Sat, Jan 19, 2019 - Page 6 News List

Satellite reaches orbit to deliver artificial meteors

‘STARS ON DEMAND’:A Japanese start-up plans to use two satellites to deploy tiny balls that glow as they burn up on re-entry to create a show anywhere in the world


A Japan Aerospace Exploration Agency Epsilon 4 rocket lifts off from the Uchinoura Space Center in Japan’s Kagoshima Prefecture yesterday.

Photo: AFP / Jiji Press

A rocket carrying a satellite on a mission to deliver the world’s first artificial meteor shower yesterday blasted into space, Japanese scientists said.

A start-up based in Tokyo developed the microsatellite for the celestial show over Hiroshima, Japan, early next year as the initial experiment for what it calls a “shooting stars on demand” service.

The satellite is to release tiny balls that glow brightly as they hurtle through the atmosphere, simulating a meteor shower.

It hitched a ride on the small Epsilon 4 rocket that was launched from the Uchinoura Space Center by the Japan Aerospace Exploration Agency (JAXA) yesterday morning.

The rocket carried a total of seven ultra-small satellites that are to demonstrate various “innovative” technologies, agency spokesman Nobuyoshi Fujimoto told reporters.

By early afternoon, the agency confirmed that all seven satellites had successfully been launched into orbit.

“I was too moved for words,” Lena Okajima, president of the company behind the artificial meteor showers, told Jiji Press. “I feel like now the hard work is ahead.”

The company, ALE Co, plans to deliver its first out-of-this-world show over Hiroshima in the spring of next year.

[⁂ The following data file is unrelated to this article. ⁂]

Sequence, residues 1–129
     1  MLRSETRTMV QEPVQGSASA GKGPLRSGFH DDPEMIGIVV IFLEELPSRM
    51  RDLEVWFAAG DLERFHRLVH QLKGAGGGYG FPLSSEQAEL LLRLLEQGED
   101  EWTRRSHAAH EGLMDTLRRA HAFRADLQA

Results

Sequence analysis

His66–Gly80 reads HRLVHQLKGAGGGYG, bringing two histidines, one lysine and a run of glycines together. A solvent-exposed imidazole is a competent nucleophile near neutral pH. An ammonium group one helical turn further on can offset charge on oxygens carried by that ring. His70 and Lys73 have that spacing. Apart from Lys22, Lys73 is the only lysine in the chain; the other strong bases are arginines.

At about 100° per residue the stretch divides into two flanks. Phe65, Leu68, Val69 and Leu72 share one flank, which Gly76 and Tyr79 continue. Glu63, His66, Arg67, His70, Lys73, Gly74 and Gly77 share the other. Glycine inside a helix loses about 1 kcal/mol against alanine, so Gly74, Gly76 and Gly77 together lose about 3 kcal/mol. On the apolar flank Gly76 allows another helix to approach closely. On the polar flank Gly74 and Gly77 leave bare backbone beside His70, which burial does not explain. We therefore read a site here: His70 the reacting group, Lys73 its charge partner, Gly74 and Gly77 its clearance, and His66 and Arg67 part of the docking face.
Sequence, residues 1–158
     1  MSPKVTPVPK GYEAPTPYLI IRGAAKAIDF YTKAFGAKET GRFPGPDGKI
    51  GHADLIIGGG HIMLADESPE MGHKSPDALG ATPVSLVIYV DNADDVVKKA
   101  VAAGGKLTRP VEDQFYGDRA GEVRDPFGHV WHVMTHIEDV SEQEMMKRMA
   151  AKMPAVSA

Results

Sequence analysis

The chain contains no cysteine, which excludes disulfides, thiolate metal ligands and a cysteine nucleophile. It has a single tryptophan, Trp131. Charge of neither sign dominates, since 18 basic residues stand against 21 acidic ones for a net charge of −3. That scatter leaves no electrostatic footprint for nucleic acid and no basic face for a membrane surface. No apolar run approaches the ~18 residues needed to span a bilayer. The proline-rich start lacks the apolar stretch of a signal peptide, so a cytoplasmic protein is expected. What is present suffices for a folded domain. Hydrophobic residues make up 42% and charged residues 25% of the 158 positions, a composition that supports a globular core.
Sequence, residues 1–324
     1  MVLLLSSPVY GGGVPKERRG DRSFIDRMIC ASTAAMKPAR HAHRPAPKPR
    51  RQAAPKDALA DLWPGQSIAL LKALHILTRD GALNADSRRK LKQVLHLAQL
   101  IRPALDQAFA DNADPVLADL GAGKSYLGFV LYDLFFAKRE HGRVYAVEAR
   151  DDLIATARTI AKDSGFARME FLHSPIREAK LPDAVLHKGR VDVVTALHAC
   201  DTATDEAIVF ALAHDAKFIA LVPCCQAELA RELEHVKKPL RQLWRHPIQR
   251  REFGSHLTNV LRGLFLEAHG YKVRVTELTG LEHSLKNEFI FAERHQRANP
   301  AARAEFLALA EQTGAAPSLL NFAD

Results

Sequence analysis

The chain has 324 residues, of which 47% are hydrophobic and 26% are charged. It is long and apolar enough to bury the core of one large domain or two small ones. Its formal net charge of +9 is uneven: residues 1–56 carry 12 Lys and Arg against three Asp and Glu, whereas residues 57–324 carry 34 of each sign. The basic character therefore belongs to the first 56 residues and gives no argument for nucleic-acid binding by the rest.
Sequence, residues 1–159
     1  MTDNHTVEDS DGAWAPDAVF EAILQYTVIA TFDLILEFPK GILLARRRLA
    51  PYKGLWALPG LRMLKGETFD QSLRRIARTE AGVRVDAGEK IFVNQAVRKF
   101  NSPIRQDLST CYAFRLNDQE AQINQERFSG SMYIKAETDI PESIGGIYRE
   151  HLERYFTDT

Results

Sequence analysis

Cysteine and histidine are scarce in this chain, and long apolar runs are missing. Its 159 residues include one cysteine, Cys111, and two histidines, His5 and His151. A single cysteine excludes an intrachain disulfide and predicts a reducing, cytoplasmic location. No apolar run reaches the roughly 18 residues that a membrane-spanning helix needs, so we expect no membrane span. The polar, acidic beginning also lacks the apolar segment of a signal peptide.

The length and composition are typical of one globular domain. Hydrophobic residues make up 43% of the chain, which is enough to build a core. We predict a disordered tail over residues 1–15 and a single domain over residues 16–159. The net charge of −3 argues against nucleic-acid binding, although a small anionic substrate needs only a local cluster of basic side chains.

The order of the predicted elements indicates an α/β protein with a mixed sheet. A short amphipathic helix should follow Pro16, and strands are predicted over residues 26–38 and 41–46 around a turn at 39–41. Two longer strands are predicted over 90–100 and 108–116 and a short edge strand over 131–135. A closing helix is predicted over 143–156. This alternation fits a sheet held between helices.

The satellite carries 400 tiny balls whose chemical formula is a closely guarded secret.

That should be enough for 20 to 30 events, as one shower would involve up to 20 stars, the company said.

ALE’s satellite, released 500km above the Earth, is to gradually descend to 400km over the coming year as it orbits the planet.

The company plans to launch a second satellite on a private-sector rocket in the middle of this year.

ALE said that it is targeting the “whole world” with its products and plans to build a stockpile of shooting stars in orbiting satellites that could be delivered across the world.

When its two satellites are in orbit, they can be used separately or in tandem and would be programmed to eject the balls at the right location, speed and direction to put on a show for viewers on the ground.

Tinkering with the ingredients in the balls should mean that it is possible to change the colors they glow, offering the possibility of a multicolored flotilla of shooting stars.

Each star is expected to shine for several seconds before being completely burned up — well before they fall low enough to pose any danger to anything on Earth.

They would glow brightly enough to be seen even over the light-polluted metropolis of Tokyo, ALE said.

If all goes well, and the skies are clear, next year’s event could be visible to millions of people, it added.

Okajima has said that her company chose Hiroshima for its first display because of its good weather, landscape and cultural assets.

The western Japanese city rose from the ashes after a 1945 US atomic bombing and faces the Seto Inland Sea, home of the Itsukushima Shrine’s floating gate.

ALE has been collaborating with scientists and engineers at Japanese universities, as well as local government officials and corporate sponsors.

It has not disclosed the price for an artificial meteor shower.

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